We work on ourselves in order to help others, but also we help others in order to work on ourselves.” ~ Pema Chodron
I just spent the past few days listening and watching an amazing case study in real time. Have you heard of the campaign to send 1 million shirts to Africa?. If not, google it and read the many blog post written in support or opposition of it. Some of you might not think that it was a very savvy idea, but for me it did bring up a critical point. Ultimately this guy just wanted to help– he wanted to do good. I commend him on his drive and big heart. I do not want this experience with a failed idea to crush him or his dream. I want to encourage him to keep learning, failing, dreaming and working hard. That is what helps all of us grow. I would also like to offer him one piece of advice, offered to him with love and compassion:
You have to KNOW people, their lives and stories BEFORE you can offer help.
If we took a quick survey in Africa – How many people would choose a 1 millions shirts over malaria drugs or accessible clean water? 1 million shirts vs.1 million new jobs? I am not going to assume I know which option would be more popular or is the most needed. I do not live in Chad, Niger, Kenya or Tanzania and never have, because of that I will not speak for others.I have been in the business of working with communities in need for the past 20 years I have learned a few things , the main one being: Helping others is about listening to their expressed needs.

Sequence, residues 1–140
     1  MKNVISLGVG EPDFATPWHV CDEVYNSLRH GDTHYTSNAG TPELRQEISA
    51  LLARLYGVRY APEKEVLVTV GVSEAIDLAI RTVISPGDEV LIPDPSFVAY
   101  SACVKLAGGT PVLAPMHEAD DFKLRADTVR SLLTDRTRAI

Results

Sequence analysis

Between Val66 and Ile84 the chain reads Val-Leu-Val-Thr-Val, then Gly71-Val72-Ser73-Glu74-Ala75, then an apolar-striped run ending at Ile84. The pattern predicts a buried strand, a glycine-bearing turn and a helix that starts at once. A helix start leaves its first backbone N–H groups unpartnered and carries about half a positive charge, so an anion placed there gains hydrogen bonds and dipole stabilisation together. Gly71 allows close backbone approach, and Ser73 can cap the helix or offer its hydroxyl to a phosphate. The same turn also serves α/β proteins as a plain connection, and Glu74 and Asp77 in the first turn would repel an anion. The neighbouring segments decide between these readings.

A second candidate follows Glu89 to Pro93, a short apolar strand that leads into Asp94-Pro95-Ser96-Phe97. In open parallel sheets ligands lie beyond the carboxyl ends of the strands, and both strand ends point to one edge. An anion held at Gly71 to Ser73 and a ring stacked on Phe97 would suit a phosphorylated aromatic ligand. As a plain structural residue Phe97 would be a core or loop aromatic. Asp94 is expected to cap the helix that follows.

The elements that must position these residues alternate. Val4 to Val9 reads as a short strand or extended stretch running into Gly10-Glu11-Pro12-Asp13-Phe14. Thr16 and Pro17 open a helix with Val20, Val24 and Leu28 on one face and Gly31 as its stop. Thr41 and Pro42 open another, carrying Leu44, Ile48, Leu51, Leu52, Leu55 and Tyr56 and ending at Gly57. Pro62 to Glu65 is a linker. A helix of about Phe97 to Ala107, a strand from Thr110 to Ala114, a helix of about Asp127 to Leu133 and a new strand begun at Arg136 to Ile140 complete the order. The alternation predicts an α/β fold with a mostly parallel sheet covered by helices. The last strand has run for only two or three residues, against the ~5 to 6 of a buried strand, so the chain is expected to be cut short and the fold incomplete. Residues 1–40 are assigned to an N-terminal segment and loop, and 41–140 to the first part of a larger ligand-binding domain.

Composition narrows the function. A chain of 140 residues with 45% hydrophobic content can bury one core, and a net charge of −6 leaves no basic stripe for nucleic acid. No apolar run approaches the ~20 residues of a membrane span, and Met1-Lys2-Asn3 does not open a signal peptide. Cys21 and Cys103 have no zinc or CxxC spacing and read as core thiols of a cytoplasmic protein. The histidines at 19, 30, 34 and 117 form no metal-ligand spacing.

In successful projects the reciepient and the donor are partners. Equal partners– helping, learning,working and laughing together in the most perfect of worlds. Partnerships are built through conversation, connection and collaboration.They take time. Years and years and years and years.
Relationships are key. You must create connections in neighborhoods, schools, businesses, congregations, and other settings across all generations. Formal relationships may become less important as “natural” relationships, networks, and activities emerge.
Everyone contributes to the vision. In an asset-building project, problem solving is not the sole responsibility of the professionals or the donors. All members—parents, neighbors, young people, educators, business people, senior citizens, congregation members, and others—are guardians of the community and have amazing stories, assets and history to bring to the table and they have to be deeply engaged in any proposed solutions. Let them.
The project is holistic. If you spend time working on an asset-building community project, you quickly need to communicate clear consistent messages to the community. Just as marketers have learned that people need to hear a message several times before they fully grasp and act on it, the asset-building community knows that a community need to experience many expressions of care, guidance, and opportunities in all areas of community life.
Ultimately this discussion and this post is less about sending a million t shirts or flip flops or anything else to Africa. At its core its about lessons learned and solutions. Its about the connection that makes us all human.Its about personal growth and community growth. Its about being humble and open.
Meaning well and doing well really are two different things.